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End-of-year message from Dean Thomas Pallesen

Dean Thomas Pallesen looks back at yet another interesting year with many good prospects for the future. And ahead to 2019 where the first steps towards further collaboration across degree programmes must be taken.

2018.12.17 | Sinne B. Jakobsen

Photo: Sinne Brandt Jakobsen

 

What would you like to highlight from the year gone by at Aarhus BSS?

During the Campus 2.0 process this autumn, we received many good suggestions from employees as well as students. These will now be taken into account in the further process. Our input to the rector reflects many of the things that characterise Aarhus BSS. Among other things, the campus of the future should allow for close proximity between researchers and students. It should also contain a large lecture theatre, as we’re convinced that the lecture theatre will continue to play an important role in contemporary university teaching. Not least now where an array of e-learning tools allow for interactive teaching. A large lecture theatre can also be used for the many events aimed at the business community that take place at Aarhus BSS and increasingly at the other three faculties as well. In short, there is a widespread wish at Aarhus BSS for a new S building with a lecture theatre.

The appointment of the three associate deans, who will all contribute with knowledge and input within a specific field for a limited period, will also benefit the entire school. It’s also a flexible and cheap solution, which can be accommodated on an ongoing basis to meet the school’s academic needs. We’re happy that the involved researchers and Ulrik Federspiel agreed to take on the task. We’re also very happy that Ulrik received the well-deserved title of this year’s distinguished alumnus at the university.

Finally, I’d like to highlight this year’s graduate employment survey, which shows that our graduates are doing well - in comparison to other universities as well. Naturally, I’m very happy about this, since one of the most important goals of our research-based degree programmes is to produce graduates who are attractive on the labour market and who succeed in finding good and well-paid jobs in Denmark and internationally.

What specific challenges and tasks will characterise 2019?

We’ve just been informed that the BSc in Business Administration and Psychology probably won’t happen. This means that we now face the important task of transforming the many interesting thoughts and ideas that lie behind a collaboration between psychology, business and economics into something different. The perspectives are unchanged and we mustn’t give up - we just need to find a new solution. There are different ways in which we can move forward, and we look forward to discussing these with the departments involved.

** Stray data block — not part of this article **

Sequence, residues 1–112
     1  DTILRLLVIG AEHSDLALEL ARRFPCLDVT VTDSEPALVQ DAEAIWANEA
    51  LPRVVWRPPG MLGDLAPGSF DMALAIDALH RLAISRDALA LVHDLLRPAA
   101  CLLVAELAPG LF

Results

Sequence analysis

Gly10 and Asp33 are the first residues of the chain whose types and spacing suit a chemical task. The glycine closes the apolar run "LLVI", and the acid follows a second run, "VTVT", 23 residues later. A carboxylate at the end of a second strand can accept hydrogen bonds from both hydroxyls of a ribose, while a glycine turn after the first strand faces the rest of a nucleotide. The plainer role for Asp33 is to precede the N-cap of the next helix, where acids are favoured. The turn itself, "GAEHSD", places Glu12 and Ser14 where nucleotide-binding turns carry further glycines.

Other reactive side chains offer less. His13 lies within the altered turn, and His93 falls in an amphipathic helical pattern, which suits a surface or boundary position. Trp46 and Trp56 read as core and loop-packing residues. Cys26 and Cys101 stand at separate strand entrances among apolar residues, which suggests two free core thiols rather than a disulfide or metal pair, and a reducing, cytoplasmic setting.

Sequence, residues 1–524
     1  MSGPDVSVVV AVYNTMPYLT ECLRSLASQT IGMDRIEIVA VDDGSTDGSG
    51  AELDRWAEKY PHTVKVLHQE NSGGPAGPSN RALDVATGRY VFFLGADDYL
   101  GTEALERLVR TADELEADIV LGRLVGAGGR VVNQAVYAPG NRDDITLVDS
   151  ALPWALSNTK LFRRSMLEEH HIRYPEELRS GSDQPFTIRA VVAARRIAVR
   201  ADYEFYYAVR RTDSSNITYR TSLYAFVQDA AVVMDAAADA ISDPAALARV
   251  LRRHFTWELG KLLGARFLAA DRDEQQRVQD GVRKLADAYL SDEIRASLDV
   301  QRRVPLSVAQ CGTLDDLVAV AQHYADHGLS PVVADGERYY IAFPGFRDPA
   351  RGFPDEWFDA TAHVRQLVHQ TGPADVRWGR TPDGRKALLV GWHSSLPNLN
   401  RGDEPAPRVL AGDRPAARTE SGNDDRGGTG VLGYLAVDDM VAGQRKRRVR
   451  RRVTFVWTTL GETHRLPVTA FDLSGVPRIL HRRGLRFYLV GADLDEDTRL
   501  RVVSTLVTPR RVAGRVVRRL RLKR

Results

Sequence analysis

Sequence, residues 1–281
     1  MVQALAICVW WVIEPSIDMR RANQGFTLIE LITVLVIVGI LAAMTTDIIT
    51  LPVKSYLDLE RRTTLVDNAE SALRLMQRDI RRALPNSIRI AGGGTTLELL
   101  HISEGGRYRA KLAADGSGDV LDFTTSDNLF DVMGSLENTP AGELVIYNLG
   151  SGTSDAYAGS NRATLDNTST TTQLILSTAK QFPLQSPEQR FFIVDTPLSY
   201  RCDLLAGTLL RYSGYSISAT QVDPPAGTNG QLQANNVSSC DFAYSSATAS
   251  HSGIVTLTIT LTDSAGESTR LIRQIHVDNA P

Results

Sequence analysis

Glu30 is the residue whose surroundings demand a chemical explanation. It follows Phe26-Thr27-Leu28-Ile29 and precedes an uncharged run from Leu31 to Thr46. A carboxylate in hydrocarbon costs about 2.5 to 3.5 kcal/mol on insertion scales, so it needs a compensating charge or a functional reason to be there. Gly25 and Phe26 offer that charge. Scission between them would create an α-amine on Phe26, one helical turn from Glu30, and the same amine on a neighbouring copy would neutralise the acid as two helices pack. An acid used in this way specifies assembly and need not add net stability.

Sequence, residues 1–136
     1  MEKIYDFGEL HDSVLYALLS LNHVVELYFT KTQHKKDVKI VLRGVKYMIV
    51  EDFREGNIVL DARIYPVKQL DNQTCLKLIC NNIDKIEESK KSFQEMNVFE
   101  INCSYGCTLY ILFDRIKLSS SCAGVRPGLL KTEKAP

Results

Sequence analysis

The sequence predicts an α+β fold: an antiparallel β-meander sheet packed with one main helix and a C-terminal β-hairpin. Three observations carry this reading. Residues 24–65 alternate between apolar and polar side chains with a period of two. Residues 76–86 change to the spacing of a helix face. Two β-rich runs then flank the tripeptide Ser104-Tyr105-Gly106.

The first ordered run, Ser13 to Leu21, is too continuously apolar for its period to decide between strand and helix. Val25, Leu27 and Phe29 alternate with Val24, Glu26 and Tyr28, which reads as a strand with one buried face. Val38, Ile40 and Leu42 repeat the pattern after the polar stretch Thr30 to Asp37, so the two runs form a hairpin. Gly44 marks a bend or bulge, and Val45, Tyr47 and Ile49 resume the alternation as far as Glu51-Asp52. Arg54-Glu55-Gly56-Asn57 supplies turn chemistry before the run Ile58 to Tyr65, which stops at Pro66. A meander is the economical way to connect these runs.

It could also be an idea to establish a closer link between political science and some of the other academic areas at the school. Navigating today’s business environment requires a certain understanding of political matters - especially in large companies. Large companies often navigate politically and collaborate with national and international authorities to promote their interests. Indeed they’re often political actors in themselves. For that reason, it makes very good sense develop stronger links between business and political science. Especially since we have excellent researchers and lecturers in both fields. This is something we’ll be looking into with the departments involved in the year to come.

Finally, we need to get better at admitting the most talented international students. Due to the degree programme resizing of international students, this is now the only way in which we can improve the quality of our internationalisation efforts, which is still one of the strategic goals at Aarhus BSS and at AU. Today, we’re likely to miss out on a number of potential international students due to our admission system. Right now, we’re collaborating with AU’s administration on developing a new system that offers international students a faster response to their application for admission.

In this way, our internationalisation efforts will also be more aligned with our overall objective of admitting and educating students with skills and competences that make them attractive on the labour market and at the same time increasing the opportunity of international students to stay in the country after they graduate.

Do you have any final words for the employees?

I’d like to thank all academic and administrative employees for their efforts in the year gone by. Lots of interesting things are going on at the departments and across the school. Most projects have sprouted from below and they should continue to do so. As the Executive Team, we can contribute to creating a framework that allows the school’s researchers to meet across different fields. The breakthroughs that hopefully arise from these meetings should primarily be attributed to the researchers involved. This is something we’re very conscious of.

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